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Title: Civil conflict prohibited? : emerging norms of jus ad bellum internum
Author: Samuels, Kirsti
ISNI:       0000 0000 4062 648X
Awarding Body: University of Oxford
Current Institution: University of Oxford
Date of Award: 2004
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Civil conflict, a violent conflict fought between factions internal to a sovereign State, is traditionally considered to be a domestic matter within the exclusive jurisdiction of States and neither permitted nor prohibited by international law permission. However, increasingly, States, regional organisations and the UN intervene in civil conflicts: they condemn civil conflicts, call on parties to cease fighting and to resolve their disputes by peaceful means, and impose sanctions or intervene forcefully. This thesis reviews this accumulating practice, which has up to now not been systematically analysed, and explores what changes it evidences - or foreshadows - in the relationship between civil conflict and international law. The thesis adopts a two part structure. Part I reviews and categorises the practice of the international community (particularly that of the Council, States and regional organisations) in response to civil conflict. Part II seeks to analyse this practice and investigates whether it evidences the emergence of new norms of jus ad bellum internum prohibiting certain forms of civil conflict. The thesis begins by setting out a cross section of relevant practice. It first charts the practice of the Security Council in response to 42 civil conflicts since 1945. The thesis then considers three recent cases studies in detail (Sierra Leone, Côte d'Ivoire and Liberia) from the perspective of the response of the Security Council, States and regional organisations. This review establishes that there is a substantial and growing amount of international community intervention in civil conflicts, contrary to what could be expected given its domestic nature. The thesis then turns to an analysis of this practice, which essentially requires an evaluation of the impact that condemnatory practice by States and regional actors and the Security Council can have on international law. In general terms, an evaluation of whether this practice should be characterised as a policy - or nonbinding - response, or whether its existence and repetition evidences, or anticipates, the emergence of international law rules, such as the emergence of new customary law norms of jus ad bellum internum. In order to address this issue, it became clear that a number of methodological questions that have not up to now received much attention in the literature would need to be considered: in particular the role the Security Council plays in shaping new international law. This role is markedly under-theorized - in contrast to that of the General Assembly practice in customary law formation which has been widely debated - but is central to the thesis because of the remarkable scope of Security Council practice in response to civil conflicts. Following the examination of this question, the thesis takes the view that Security Council practice is relevant evidence of the practice of States and of the collective attitude of the international community. It also influences the conduct and attitude of States. In addition, where the Security Council regularly condemns certain conduct in a range of similar situations and seeks to enforce its condemnation, it can create a quasi-legislative prohibition against that conduct. Following the analysis of the practice, the thesis concludes that contrary to widespread assumptions, civil conflict is no longer treated as a domestic matter, and is increasingly being recognised as having a severe impact on the peace and stability of the world. A major and continuing shift in practice is relied on to support predictions of fundamental change in the perception of the legality of recourse to force in civil conflict. The thesis identifies three possible norms within the practice: the rejection of civil conflict aiming to overthrow a democratically elected government; the rejection of civil conflict aiming to cause or causing massive violence against civilians; and the rejection of civil conflict which is undertaken for political aims (other than in self-defence by a State against violent uprising or by a people in self-defence against violent oppression). Much of the practice is too recent and not established enough in the public discourse of States to evidence the emergence of traditional customary law rules at present. Nonetheless, there is strong evidence to support the emergence of a limited norm prohibiting the overthrow of a democratically elected government. In addition, the extent and scope of the international community condemnation and rejection of civil conflict can be taken to support the proposition that, in time, broader international prohibitions against civil conflict will crystallize in international law.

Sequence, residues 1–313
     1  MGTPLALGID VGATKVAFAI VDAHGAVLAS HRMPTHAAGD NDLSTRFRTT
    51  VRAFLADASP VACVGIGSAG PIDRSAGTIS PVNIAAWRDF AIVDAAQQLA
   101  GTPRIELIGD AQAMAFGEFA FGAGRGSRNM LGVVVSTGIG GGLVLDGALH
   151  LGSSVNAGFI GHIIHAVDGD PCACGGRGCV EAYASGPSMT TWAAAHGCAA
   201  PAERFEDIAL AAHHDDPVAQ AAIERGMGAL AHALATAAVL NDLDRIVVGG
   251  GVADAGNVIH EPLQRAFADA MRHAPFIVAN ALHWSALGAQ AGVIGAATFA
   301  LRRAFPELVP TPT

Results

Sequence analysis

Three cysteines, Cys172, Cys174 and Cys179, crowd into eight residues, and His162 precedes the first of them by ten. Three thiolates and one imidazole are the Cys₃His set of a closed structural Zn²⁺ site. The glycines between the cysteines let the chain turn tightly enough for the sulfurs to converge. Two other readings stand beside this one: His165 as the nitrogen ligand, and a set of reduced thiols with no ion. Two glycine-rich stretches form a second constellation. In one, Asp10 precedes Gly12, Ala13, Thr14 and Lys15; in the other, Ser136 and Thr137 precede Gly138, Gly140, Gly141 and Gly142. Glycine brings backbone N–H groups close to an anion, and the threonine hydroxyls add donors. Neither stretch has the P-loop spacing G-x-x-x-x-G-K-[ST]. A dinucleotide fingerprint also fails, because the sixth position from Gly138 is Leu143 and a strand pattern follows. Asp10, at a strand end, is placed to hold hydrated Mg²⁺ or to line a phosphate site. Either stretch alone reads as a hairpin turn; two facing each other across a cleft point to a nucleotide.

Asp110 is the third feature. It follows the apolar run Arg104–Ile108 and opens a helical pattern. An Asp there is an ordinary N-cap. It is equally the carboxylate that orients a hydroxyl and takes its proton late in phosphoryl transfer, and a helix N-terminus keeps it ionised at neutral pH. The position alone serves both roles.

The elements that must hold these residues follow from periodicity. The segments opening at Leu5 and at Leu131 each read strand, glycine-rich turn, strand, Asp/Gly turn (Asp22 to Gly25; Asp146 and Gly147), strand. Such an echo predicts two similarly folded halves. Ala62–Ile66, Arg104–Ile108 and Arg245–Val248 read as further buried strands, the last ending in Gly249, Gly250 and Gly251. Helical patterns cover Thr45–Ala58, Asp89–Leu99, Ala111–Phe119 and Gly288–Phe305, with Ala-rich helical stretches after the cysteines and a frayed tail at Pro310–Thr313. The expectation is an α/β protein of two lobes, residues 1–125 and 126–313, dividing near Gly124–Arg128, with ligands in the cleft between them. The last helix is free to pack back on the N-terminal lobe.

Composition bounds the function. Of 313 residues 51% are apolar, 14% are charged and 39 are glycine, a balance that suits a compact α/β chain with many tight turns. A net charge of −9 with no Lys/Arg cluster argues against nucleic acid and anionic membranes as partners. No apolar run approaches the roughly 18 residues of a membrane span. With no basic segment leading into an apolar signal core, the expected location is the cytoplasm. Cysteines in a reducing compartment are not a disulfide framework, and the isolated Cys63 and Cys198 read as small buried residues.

Supervisor: Not available Sponsor: Not available
Qualification Name: Thesis (Ph.D.) Qualification Level: Doctoral
EThOS ID:  DOI: Not available